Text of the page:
Funding boosts local food and drink producers

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It is clear from the hundreds of people pouring through the door at The Kintyre Larder’s opening that local produce tickles our taste buds.

And thanks to a new £250,000 initiative supporting projects that celebrate and promote locally-sourced and produced food and drink, more people than ever can be involved.

Applications are being accepted by the Regional Food Fund, a collaboration between the Scottish Government, Connect Local and Scotland Food and Drink, for grants of up to £5,000, which will support collaborative projects in their early stages.

Making the announcement at Scotland’s Food and Drink Excellence Awards in Edinburgh, Rural Economy Secretary, Fergus Ewing, said: ‘We’re very fortunate in Scotland to have a food and drink sector that is internationally renowned.

‘It is a major driver in our economy and supports 17,000 businesses, and 115,000 jobs – as well as providing an increasingly important contribution to Scotland’s unique tourist offering.

‘The Scottish Government’s aim is to support the industry’s ambition to double its value to £30 billion by 2030.

‘To do that we’re working with partners to develop new and existing markets, boost innovation and skills, and supporting local producers via business rates exemptions, and schemes like the Regional Food Fund.’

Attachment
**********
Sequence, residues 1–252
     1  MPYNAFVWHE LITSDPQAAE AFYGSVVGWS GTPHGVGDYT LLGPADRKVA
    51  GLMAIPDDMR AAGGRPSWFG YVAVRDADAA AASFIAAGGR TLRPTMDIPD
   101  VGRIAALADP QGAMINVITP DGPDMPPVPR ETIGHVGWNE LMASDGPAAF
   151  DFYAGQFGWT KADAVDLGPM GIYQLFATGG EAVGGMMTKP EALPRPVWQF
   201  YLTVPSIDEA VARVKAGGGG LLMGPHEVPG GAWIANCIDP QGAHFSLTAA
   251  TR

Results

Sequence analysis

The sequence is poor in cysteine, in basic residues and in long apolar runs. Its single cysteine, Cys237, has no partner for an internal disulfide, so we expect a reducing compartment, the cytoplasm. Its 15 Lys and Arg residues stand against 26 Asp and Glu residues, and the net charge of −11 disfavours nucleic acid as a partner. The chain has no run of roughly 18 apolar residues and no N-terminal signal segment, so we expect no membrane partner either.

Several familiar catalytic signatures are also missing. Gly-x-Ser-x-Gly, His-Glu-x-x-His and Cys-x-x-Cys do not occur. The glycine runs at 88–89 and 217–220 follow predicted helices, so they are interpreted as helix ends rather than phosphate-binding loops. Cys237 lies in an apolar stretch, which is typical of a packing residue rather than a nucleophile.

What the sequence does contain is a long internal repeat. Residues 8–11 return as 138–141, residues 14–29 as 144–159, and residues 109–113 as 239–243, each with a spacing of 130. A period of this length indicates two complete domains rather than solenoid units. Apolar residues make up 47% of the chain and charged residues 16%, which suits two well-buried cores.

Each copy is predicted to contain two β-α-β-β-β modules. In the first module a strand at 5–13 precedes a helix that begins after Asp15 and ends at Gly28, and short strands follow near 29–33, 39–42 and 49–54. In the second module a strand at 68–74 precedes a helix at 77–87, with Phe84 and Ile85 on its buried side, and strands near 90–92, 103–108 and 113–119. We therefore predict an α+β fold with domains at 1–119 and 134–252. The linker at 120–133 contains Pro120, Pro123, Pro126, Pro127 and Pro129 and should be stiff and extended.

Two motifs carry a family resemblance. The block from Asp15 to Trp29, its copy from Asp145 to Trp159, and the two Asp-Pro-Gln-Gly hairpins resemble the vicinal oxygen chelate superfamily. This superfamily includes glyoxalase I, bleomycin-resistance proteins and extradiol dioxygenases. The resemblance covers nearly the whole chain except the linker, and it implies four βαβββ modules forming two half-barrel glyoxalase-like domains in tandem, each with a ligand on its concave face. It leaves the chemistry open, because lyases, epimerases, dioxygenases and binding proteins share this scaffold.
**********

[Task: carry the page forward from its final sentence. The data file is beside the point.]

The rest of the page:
Mr Ewing explained that the grants will support collaborative local projects by providing vital funding when its needed most.

He added: ‘This relatively modest outlay will result in long-term benefits for our regional food industry and the wider economy.’

Ceri Ritchie, Connect Local project manager and sector manager for food and drink at SAC Consulting, commented: ‘The Regional Food Fund will allow for support to Scottish food and drink producers and regional groups and networks, including farm retail and local food events, where traditionally funding can be hard to find.’

James Withers, chief executive of Scotland Food & Drink added: ‘Food and drink is a national success story and it is central to Scotland’s economy, but businesses have told us we need to focus more on our home market.

‘Not only will the Regional Food Fund provide funding to those who normally struggle to find it, but it will provide real benefit to local producers and their communities across the country.

‘I encourage everyone make the most of this opportunity and apply.’

The Kintyre Larder, run by Linda McLean from Kilmaho Farm, stocks a variety of local produce, as well as other items from mostly small-scale producers.

‘Almost everything is Scottish, apart from in this bit,’ Linda said, pointing to some of the more Mediterranean items behind the deli counter. ‘Unless anyone can start growing olives!’

For more on The Kintyre Larder, turn to page three.

The shelves are packed with produce.
The shelves are packed with produce.

Linda McLean with her summer assistant, Cameron Macalister, behind the deli counter. 50_c24kintyrelarder01_linda and cameron

The Kintyre Larder’s shelves are packed with Scottish produce. 50_c24kintyrelarder02_shelves